You don’t comply. You wait for the instructor to notice your panic, and tell her the best you can do is pseudo-float on your back by the steps, holding onto the metal stair rail. She looks immediately exhausted.
You last a few more months, shifting from group lessons to private, without much success.Your instructor suffers a moment of despair in which she tells you to get in the shallow hot tub and ride a noodle around like an imaginary seahorse.
You decide this means she wants to quit you. You do not return.
After having another child, and sending your first child to her own lessons at age two at a child’s swim school, you inquire there if they give lessons to adults. They say yes; you sign up and try again.
You have to keep trying. You don’t want your daughter or son to need your help in a pool one day and not be able to save them.
With three other strangers, you share a swim instructor. He’s very attractive. He is also friendly, funny, and patient with your fears.You decide the time is right for you to transform into a mermaid. This time you will learn to swim. You will not disappoint him.
He disappears after three weekly lessons. His replacement says he has moved away. His replacement is… different. When you meet him, the word “weasel” comes to mind subconsciously. He’s arrogant, and way too young. Is he even voting age? When you explain to him exactly how afraid you feel, he is not patient. He says, “I’m gonna push you. I’m your coach, that’s what I’m here to do.” You think “Fuck you, Coach Weasel, hand over those swim noodles, they are my only advocates now.”
You show up sporadically for lessons, on confident days, even though you pay for your absent days. And then an email arrives: the pool will no longer offer adult lessons. No reason is given. You know it’s your fault, somehow. Maybe you didn’t believe enough in the kindness of water. Maybe water, like Santa Claus, only works well if it senses people believe in it.
You decide not to give up lessons right now. You look into a swim center. The water is deeper, colder, and is not salt water like your kids’ swim school pool. There are no blown up starfish hanging from the ceiling here. Instructors are independent contractors. You submit a request form, and ask for a female. A man calls you, and you return his call after no women instructors call you.
In person, he is a talkative older man, and quirky. He teaches you some floating and freestyle strokes, you make some progress, but it’s the same as with the other teachers — you show them you finally can do something and they immediately want you to move on. “Why can’t I just do this, repeatedly, until I’m bored, and no longer afraid?” you think and sometimes say. Swim lessons are always frightening when right after you learn something it’s time to push yourself out of the barely-comfort zone. Then the old man will go off on a tangent about how much he loves his karate class. How does it relate? You don’t know. One day he shows off his karate moves on you just after the lesson when you’re still in your suit, wet after class, trying to keep covered with a towel.
You want to be done with both swimming and surprise karate lessons.
Your husband can swim. On your tenth anniversary in Maui, your husband asks the hotel concierge about snorkeling. You tell the concierge you can’t swim. The concierge tells you you can snorkel anyway, using a bodyboard and being led by one of the instructors. You’re intrigued, and hate being a buzzkill. You decide to brave up. It’s always easy at the sign up! The hard part comes later, the reality.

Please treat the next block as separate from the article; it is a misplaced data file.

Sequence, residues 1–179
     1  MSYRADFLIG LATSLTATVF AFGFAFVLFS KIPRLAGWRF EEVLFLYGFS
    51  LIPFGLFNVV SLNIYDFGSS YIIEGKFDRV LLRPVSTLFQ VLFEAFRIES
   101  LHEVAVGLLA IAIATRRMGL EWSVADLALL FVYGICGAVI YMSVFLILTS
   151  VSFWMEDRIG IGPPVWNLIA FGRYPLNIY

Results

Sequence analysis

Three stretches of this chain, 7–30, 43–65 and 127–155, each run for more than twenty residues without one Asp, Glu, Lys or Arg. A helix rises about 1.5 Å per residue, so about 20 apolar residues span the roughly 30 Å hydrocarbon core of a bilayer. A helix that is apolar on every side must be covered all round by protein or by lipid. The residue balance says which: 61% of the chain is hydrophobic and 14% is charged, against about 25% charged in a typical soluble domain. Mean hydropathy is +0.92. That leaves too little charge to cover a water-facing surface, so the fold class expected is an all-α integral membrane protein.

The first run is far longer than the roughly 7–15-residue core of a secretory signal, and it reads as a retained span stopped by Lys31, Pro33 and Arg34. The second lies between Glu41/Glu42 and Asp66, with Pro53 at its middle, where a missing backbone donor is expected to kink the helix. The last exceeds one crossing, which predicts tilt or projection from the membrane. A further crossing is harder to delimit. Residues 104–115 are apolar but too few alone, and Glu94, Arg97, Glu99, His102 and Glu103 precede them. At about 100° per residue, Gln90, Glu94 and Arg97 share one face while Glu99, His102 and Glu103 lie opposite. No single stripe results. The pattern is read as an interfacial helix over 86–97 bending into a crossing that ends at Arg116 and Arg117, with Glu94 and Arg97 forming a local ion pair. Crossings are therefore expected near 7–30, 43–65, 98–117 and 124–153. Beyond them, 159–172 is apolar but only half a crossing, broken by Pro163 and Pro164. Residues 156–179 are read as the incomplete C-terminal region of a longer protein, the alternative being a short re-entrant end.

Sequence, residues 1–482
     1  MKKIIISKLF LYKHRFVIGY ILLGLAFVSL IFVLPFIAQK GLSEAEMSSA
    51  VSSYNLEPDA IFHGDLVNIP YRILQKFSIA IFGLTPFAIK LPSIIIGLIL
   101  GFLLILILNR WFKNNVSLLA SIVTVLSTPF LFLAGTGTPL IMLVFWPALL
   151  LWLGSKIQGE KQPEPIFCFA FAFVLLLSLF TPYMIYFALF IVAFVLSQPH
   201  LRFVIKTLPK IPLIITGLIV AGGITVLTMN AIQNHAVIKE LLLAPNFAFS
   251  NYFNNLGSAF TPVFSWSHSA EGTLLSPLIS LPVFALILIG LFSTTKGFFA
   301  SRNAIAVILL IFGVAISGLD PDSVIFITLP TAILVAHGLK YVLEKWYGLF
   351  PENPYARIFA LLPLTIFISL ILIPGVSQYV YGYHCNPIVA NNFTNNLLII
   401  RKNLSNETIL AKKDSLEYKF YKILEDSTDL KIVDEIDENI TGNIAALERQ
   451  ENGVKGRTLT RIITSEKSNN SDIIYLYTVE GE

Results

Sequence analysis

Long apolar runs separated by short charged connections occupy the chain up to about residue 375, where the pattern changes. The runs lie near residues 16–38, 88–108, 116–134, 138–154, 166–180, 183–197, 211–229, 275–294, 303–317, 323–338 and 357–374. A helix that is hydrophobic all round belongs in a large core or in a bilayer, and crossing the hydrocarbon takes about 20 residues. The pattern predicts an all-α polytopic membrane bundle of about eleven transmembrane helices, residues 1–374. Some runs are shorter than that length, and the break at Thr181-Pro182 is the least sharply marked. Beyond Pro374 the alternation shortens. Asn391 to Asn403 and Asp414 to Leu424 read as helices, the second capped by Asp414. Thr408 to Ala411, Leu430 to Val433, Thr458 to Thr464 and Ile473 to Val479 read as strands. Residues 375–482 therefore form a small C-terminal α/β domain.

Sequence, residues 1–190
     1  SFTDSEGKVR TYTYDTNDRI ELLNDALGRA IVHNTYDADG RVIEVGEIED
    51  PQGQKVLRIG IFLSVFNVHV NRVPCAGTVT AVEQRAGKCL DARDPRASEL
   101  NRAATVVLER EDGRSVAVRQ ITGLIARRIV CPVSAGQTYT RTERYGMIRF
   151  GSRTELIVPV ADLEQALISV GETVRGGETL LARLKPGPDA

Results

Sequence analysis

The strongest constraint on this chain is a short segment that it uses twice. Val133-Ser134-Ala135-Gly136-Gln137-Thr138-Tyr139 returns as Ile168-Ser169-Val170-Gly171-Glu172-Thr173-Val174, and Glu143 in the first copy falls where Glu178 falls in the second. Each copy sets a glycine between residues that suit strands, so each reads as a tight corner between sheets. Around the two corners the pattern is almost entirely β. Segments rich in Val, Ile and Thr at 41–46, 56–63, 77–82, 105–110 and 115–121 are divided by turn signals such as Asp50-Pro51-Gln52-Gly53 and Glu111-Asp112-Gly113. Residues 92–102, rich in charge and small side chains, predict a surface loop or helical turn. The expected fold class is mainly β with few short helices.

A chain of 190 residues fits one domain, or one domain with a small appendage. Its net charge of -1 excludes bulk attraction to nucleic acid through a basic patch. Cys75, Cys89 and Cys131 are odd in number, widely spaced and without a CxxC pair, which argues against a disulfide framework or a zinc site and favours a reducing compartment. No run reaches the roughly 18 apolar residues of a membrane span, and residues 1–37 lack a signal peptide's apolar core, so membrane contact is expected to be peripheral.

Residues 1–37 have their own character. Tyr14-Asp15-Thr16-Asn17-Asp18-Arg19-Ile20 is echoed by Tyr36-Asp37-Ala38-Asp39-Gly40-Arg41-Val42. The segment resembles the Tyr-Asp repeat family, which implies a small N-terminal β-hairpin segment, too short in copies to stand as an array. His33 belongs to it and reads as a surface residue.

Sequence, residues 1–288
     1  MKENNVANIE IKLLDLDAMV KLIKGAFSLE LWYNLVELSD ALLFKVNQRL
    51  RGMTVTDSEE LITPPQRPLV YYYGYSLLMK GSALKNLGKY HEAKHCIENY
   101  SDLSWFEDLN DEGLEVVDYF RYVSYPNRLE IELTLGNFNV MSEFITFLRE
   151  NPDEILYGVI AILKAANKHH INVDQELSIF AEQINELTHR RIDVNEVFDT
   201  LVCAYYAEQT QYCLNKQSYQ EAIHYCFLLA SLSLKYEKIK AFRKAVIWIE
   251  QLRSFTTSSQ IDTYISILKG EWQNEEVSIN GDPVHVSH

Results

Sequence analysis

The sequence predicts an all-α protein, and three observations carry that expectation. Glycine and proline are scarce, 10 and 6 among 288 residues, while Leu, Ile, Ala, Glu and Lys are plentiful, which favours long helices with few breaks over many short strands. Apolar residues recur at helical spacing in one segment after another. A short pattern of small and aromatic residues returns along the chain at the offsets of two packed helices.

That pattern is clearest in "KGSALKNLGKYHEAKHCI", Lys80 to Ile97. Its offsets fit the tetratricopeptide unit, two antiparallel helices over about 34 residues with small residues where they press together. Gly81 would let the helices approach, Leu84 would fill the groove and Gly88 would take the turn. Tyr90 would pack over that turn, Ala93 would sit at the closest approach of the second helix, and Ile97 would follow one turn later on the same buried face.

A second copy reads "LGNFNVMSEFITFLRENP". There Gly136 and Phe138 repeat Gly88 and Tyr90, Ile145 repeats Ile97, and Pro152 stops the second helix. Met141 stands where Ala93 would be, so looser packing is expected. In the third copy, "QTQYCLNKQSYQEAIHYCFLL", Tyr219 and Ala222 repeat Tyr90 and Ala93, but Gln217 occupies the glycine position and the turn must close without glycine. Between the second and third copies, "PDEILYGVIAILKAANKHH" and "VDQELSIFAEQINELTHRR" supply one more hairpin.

At the snorkeling orientation, there are two bodyboards, but you’re not invited to use one, even though you’ve explained the concierge’s promise. The two instructors offer you only a floatation belt for help. You have been betrayed with no reason. You’re in a group of ten people, and you’re the only freak who’s been tricked into registering for snorkeling when you can’t swim.
You gear up, with the mask and the flippers and the stupid belt. Your husband is excited and asks an instructor to take your picture together. Later you will look at that picture and remark at your visible fear and anger — anger at yourself for signing up and not listening to your intuition.
You can’t see with the mask, you can’t walk with the flippers, and you’re supposed to walk straight into the waves, with nothing to hold. As you trip over large rocks in your path with your sea monster feet, you hold back tears to prevent mask fogging and visual handicap. Your husband glances back at you. You look and him and just shake your head. “I can’t,” you mime, choking on the words. Always this. Can’t.
Desperate to keep the group together, one of the instructors offers you the bodyboard now. You thank her throughout the whole session.
She tows you out toward the ocean. After some hyperventilating, learning to breathe in a snorkel, you eventually calm yourself. If nothing else, you have learned to calm yourself.
It’s amazing, this view underwater. You’re flying. The bottom of the ocean fades further and further away, and you don’t fall. The instructors dive to bring up sea cucumbers and other creatures to observe and rest them on the bodyboard, right in front of you. A sea turtle comes nearby and you almost kick its face trying to maneuver away to give it space, because you have no clue how to move in water.
It is a beautiful mess.
Back at home, instead of being inspired to take more lessons, you decide you’ll just bring a bodyboard everywhere. And what’s the point of getting in a stupid pool with no chance of a sea turtle encounter?
Your daughter, having learned to swim, joins a swim team. There is a whole team of kids and parents who celebrate water. Lava lovers.
She glides across the water. She’s actually pretty fast.
Your jaw drops open at this miracle.
Your daughter is not afraid.
Your daughter. Is not afraid.
Your son, now taking lessons, says he’s afraid of the deep end.
You tell him that’s okay. One day he won’t be afraid.
And one day, he isn’t. He’s joyful, jumping in any chance he can.
And you’re flying, the pull of your fears fading further and further away.